Choosing to participate in a study is an important personal decision. Talk with your doctor and family members or friends about deciding to join a study. To learn more about this study, you or your doctor may contact the study research staff using the contacts provided below. For general information, Learn About Clinical Studies.


Layout table for eligibility information
Ages Eligible for Study:   7 Years to 40 Years   (Child, Adult)
Sexes Eligible for Study:   Female
Gender Based Eligibility:   Yes
Gender Eligibility Description:   Only females will be recruited for this study as they are 2 to 10 times more likely to develop PFP than males
Accepts Healthy Volunteers:   No
Sampling Method:   Non-Probability Sample
Study Population
30 healthy female volunteers with PFP
Criteria

Inclusion Criteria:

  • • Normal female healthy volunteer aged 7-40

    • Able to provide written consent
    • Diagnosed with patellofemoral pain (PFP) or anterior knee pain by a medical professional

Exclusion Criteria:

  • • History of neurological deficits or severe head trauma

    • Braces or permanent metal dental work
    • Insulin pump
    • Cardiac pacemaker
    • Cochlear implants
    • Hearing aids
    • Aneurysm clips
    • Orthopedic pins, wires, screws, or plates inserted within the last 6 months.
    • If you have not been diagnosed with PFP by a medical professional

Information from the National Library of Medicine

To learn more about this study, you or your doctor may contact the study research staff using the contact information provided by the sponsor.

Please refer to this study by its ClinicalTrials.gov identifier (NCT number): NCT04099004


Contacts
Layout table for location contacts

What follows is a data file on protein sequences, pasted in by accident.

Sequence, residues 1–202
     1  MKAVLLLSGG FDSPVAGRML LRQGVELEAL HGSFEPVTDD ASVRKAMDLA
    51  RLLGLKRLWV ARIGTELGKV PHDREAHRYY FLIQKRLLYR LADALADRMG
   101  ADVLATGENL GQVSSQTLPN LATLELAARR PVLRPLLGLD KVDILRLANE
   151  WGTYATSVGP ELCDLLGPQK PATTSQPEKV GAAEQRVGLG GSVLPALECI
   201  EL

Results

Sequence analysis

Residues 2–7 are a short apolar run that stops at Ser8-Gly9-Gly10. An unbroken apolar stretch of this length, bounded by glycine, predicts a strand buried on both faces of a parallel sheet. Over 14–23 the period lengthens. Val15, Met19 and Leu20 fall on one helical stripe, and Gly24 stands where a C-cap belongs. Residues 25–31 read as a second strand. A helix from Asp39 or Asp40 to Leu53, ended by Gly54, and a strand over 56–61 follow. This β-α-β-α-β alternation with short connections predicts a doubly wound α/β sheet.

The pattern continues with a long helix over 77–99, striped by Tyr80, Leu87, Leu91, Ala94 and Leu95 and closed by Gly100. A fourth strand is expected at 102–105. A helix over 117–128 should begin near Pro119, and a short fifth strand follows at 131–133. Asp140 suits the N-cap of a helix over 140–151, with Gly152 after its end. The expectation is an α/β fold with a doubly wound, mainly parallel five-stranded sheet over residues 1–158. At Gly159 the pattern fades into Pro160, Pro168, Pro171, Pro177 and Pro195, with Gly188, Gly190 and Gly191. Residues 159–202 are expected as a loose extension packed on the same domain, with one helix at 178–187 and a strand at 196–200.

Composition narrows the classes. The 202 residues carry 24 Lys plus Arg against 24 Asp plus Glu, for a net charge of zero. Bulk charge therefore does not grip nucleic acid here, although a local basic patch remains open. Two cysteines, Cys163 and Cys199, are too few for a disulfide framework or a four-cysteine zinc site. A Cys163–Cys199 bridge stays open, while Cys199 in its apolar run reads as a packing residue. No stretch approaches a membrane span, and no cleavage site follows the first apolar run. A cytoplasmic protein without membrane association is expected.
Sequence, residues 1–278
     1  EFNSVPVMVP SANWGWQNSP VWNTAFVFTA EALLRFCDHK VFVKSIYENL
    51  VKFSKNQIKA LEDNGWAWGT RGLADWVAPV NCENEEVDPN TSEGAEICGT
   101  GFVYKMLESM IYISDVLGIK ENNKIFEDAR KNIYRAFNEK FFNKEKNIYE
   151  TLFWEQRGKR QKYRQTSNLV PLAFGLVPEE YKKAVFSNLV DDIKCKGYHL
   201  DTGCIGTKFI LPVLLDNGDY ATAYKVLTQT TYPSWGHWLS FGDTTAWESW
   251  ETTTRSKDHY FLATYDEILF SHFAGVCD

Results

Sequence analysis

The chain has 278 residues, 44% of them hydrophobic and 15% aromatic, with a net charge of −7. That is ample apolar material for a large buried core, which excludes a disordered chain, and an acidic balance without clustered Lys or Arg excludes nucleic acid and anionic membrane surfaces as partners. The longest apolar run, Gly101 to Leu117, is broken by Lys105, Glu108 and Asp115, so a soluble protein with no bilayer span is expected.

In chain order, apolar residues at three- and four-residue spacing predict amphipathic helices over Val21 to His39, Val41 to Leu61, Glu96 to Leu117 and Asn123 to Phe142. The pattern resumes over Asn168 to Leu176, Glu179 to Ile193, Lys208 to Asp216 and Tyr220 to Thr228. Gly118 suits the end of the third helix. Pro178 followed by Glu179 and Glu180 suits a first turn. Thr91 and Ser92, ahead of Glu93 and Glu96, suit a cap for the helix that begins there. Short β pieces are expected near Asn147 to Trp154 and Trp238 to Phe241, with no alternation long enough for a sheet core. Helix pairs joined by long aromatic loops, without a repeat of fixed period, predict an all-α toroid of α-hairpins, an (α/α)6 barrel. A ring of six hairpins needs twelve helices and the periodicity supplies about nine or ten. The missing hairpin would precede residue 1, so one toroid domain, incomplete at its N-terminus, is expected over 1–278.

Contact: Kim D Barber Foss, MS 5136365971 kim.foss@cchmc.org
Contact: Jed Diekfuss, PhD jed.diekfuss@cchmc.org

Locations
Layout table for location information
United States, Ohio
Cincinanti Childrens Hospital Medical Center Recruiting
Cincinnati, Ohio, United States, 45229
Contact: Kim D Barber Foss, MS    513-636-5971    kim.foss@cchmc.org   
Principal Investigator: Gregory D Myer, PhD         
Sponsors and Collaborators
Children's Hospital Medical Center, Cincinnati
Investigators
Layout table for investigator information
Principal Investigator: Gregory D Myer, PhD Cincinnati Childrens Hospital
  Study Documents (Full-Text)

Documents provided by Children's Hospital Medical Center, Cincinnati:
Study Protocol  [PDF] April 15, 2019

Layout table for additonal information
Responsible Party: Children's Hospital Medical Center, Cincinnati
ClinicalTrials.gov Identifier: NCT04099004    
Other Study ID Numbers: 2017-5776
First Posted: September 23, 2019    Key Record Dates
Last Update Posted: February 7, 2020
Last Verified: February 2020
Individual Participant Data (IPD) Sharing Statement:
Plan to Share IPD: No

Layout table for additional information
Studies a U.S. FDA-regulated Drug Product: No
Studies a U.S. FDA-regulated Device Product: No
Additional relevant MeSH terms:
Layout table for MeSH terms
Patellofemoral Pain Syndrome
Syndrome
Somatoform Disorders
Disease
Pathologic Processes
Mental Disorders
Joint Diseases
Musculoskeletal Diseases